This workshop seeks to establish a foundation for developing a collaborative tool for understanding and analyzing maritime connections through mapping multiple elements of historical, archaeological and social data. Based on presentations of case studies focused on maritime cultural mobility, data visualization, local perspectives and cooperative initiatives the workshop will stimulate conversations on how a web-based mapping system can be designed and built to allow new, multi-layered questions and analyses of the long duree maritime history and heritage of the Indian Ocean to be investigated.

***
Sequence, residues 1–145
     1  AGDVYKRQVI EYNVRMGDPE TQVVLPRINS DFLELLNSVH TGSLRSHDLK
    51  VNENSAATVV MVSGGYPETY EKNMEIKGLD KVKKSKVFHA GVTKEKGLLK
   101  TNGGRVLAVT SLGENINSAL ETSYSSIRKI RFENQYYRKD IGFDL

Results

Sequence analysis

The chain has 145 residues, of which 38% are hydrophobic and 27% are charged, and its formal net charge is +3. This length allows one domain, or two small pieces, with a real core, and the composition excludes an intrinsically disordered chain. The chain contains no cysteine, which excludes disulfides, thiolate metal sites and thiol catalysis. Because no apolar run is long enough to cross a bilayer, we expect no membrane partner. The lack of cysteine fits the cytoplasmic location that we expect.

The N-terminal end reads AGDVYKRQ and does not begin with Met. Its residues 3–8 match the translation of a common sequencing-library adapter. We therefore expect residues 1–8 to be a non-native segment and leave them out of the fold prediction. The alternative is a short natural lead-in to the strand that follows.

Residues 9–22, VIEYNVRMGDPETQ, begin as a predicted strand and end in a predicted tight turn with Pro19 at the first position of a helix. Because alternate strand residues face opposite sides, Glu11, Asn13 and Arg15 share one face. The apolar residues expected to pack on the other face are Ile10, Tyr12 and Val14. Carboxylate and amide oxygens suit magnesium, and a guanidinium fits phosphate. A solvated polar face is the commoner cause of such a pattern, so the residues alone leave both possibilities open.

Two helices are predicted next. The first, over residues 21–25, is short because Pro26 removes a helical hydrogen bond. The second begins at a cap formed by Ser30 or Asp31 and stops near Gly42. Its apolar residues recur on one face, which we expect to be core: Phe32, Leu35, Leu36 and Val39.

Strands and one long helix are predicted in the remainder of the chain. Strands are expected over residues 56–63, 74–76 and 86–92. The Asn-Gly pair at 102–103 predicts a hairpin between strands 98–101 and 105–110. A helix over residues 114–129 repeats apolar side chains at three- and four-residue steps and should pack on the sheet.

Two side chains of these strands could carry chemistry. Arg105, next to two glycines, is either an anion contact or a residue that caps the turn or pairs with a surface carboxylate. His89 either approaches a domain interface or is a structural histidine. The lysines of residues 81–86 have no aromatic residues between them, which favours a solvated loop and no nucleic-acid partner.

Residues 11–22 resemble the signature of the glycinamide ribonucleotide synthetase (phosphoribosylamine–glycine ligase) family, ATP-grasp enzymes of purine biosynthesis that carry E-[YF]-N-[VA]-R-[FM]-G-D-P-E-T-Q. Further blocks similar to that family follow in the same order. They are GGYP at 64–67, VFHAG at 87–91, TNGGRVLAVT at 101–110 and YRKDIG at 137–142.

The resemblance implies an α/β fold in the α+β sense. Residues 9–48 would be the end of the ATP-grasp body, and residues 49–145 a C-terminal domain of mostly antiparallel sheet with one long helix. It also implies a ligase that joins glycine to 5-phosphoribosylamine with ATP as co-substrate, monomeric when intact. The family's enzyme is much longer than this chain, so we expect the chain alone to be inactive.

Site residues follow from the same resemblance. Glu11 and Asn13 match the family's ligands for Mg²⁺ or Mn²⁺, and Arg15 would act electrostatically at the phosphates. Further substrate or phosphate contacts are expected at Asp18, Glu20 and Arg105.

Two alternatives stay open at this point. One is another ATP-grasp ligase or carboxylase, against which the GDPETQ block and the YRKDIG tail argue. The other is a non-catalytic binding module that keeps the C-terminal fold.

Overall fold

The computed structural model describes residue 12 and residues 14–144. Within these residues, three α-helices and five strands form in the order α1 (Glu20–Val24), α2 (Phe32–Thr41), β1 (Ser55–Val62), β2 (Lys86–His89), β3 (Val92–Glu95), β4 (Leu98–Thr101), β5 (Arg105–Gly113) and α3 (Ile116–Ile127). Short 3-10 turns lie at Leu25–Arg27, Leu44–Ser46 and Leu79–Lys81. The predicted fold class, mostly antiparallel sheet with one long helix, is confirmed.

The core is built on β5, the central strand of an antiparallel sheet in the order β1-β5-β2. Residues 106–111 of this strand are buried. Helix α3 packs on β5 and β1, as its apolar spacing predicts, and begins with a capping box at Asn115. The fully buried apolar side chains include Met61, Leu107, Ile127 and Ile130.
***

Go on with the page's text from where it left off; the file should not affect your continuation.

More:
As ocean spaces and maritime pasts become increasingly relevant as a form of ‘shared heritage’, maritime and underwater cultural heritage is emerging into the mainstream heritage discourse. The development of maritime archaeology and subsequently the interpretation of maritime and underwater cultural heritage has traditionally centered around ships and shipwrecks sites. These narratives have driven both disciplinary research and heritage management decision-making. In recent years, however, this focus has shifted towards a broader perspective on maritime landscapes yet shipwrecks, despite often being perceived as a colonial, dissonant features in cultural landscapes, have remained a dominant element in understanding maritime heritage, maritime connections and the maritime past. How can the data encapsulated in shipwrecks, port cities and coastal communities be better integrated into new understandings of maritime cultural landscapes and connections?